"Fountain's excellent first novel follows a group of soldiers at a Dallas Cowboys game on Thanksgiving Day...Through the eyes of the titular soldier, Fountain creates a minutely observed portrait of a society with woefully misplaced priorities. [Fountain has] a pitch-perfect ear for American talk..."
-- The New Yorker
"So much of Fountain's work...reads with an easy grace.... [S]ometimes genius is anything but rarefied; sometimes it's just the thing that emerges after twenty years of working at your kitchen table."
-- Malcolm Gladwell, The New Yorker
"[T]he Catch-22 of the Iraq War....Fountain applies the heat of his wicked sense of humor while you face the truth of who we have become. Live one day inside Billy Lynn's head and you'll never again see our soldiers or America in the same way." -- Karl Marlantes, bestselling author of Matterhorn
"Passionate, irreverent, utterly relevant Billy Lynn's Long Halftime Walk offers an unforgettable portrait of a reluctant hero. Ben Fountain writes like a man inspired and his razor sharp exploration of our contemporary ironies will break your heart."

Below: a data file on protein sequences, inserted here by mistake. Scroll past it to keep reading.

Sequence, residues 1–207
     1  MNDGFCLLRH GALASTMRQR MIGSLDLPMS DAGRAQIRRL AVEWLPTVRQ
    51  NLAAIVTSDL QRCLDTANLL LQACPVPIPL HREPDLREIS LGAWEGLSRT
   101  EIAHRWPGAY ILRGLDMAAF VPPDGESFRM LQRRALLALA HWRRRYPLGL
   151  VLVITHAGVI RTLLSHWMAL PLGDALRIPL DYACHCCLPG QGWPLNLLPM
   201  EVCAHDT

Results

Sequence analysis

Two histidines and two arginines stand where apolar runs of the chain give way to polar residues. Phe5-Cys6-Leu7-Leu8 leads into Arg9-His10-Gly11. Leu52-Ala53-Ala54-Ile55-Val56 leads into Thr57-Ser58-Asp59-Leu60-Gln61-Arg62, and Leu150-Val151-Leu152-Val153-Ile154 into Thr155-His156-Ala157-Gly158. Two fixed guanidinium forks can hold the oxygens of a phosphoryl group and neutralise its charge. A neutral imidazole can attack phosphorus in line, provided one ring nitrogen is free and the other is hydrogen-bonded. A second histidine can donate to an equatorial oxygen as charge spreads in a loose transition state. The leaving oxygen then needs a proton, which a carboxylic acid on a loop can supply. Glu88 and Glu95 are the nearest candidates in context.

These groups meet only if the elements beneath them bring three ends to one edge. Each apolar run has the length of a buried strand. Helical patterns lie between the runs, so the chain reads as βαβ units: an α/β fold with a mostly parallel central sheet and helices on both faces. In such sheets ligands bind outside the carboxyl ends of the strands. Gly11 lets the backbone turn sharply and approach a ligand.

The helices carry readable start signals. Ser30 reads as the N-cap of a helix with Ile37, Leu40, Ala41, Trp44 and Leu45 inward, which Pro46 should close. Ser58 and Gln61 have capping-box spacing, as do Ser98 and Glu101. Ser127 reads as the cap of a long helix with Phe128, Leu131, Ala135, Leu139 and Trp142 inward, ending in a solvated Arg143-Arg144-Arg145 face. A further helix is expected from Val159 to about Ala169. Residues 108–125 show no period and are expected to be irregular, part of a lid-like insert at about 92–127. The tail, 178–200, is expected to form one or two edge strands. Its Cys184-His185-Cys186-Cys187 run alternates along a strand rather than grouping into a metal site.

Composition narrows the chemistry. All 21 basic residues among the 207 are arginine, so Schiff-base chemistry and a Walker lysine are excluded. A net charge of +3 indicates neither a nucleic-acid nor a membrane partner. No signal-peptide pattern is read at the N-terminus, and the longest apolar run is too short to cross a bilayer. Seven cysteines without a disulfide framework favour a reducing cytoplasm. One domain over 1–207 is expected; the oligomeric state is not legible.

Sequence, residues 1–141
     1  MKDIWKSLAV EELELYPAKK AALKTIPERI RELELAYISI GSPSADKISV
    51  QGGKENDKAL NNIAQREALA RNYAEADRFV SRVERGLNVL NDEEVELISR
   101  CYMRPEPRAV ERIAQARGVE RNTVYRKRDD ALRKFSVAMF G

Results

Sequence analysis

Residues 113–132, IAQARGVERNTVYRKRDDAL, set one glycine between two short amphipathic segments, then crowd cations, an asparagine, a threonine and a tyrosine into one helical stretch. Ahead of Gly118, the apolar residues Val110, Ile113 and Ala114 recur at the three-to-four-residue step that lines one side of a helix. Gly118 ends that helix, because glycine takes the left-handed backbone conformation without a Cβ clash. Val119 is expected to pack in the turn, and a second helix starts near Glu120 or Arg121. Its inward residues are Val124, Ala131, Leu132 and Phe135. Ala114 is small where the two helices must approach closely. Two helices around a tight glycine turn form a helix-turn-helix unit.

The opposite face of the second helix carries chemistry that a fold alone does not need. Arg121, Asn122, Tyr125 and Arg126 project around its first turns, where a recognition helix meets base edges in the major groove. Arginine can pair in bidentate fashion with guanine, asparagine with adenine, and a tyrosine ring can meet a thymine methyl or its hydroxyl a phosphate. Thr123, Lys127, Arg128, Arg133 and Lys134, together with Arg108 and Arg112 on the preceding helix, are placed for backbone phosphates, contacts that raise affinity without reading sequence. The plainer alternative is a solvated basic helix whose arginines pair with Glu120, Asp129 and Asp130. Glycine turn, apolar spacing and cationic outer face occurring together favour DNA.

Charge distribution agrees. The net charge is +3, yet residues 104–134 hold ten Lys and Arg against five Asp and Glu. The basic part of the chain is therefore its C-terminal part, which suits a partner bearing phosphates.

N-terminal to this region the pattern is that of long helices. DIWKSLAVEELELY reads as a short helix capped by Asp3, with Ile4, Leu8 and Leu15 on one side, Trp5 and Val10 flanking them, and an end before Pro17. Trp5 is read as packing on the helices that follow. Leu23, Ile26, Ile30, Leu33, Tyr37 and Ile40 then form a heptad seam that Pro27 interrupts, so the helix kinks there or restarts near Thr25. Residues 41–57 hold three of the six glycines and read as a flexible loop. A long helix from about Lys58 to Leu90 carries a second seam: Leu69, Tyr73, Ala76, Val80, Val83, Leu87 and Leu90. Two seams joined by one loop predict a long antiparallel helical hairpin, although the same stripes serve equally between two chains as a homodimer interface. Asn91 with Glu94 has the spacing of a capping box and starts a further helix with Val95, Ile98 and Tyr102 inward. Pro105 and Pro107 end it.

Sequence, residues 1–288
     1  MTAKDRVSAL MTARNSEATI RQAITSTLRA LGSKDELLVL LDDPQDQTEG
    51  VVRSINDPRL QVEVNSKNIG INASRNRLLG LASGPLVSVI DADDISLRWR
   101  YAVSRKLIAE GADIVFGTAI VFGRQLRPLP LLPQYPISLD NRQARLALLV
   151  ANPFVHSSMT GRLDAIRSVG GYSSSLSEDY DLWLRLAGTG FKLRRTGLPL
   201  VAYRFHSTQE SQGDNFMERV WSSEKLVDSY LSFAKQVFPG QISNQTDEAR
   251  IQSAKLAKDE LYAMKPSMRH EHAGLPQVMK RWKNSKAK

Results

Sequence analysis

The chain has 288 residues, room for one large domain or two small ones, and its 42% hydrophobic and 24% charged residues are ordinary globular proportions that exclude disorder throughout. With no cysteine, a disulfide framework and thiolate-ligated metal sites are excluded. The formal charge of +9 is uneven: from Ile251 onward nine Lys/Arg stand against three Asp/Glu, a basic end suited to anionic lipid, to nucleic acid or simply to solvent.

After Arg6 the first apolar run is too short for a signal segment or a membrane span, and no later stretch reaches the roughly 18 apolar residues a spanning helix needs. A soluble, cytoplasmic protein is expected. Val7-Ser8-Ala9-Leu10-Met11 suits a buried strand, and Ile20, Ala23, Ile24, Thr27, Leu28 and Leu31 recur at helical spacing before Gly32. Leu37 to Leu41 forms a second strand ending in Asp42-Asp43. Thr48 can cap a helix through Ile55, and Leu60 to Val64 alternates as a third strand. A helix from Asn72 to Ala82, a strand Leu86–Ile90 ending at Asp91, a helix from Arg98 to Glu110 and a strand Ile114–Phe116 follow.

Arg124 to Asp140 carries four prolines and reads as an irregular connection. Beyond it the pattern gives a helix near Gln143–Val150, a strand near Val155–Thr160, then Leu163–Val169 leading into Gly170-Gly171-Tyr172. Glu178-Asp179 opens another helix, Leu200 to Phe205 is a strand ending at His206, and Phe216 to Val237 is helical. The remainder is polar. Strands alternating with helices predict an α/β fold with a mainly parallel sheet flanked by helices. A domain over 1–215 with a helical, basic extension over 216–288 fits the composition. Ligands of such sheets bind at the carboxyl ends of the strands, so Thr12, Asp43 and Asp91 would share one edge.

-- Margot Livesey, author of The Flight of Gemma Hardy
"Ben Fountain stormed to the front lines of American fiction when he published his astonishing first collection of short stories, Brief Encounters with Che Guevara. His first novel will raise his stature and add to his splendid reputation. Billy Lynn's Long Halftime Walk is both hilarious and heartbreaking."
-- Pat Conroy, author of My Reading Life
"A brilliantly conceived first novel . . . The irony, sorrow, anger and examples of cognitive dissonance that suffuse this novel make it one of the most moving and remarkable novels I've ever read."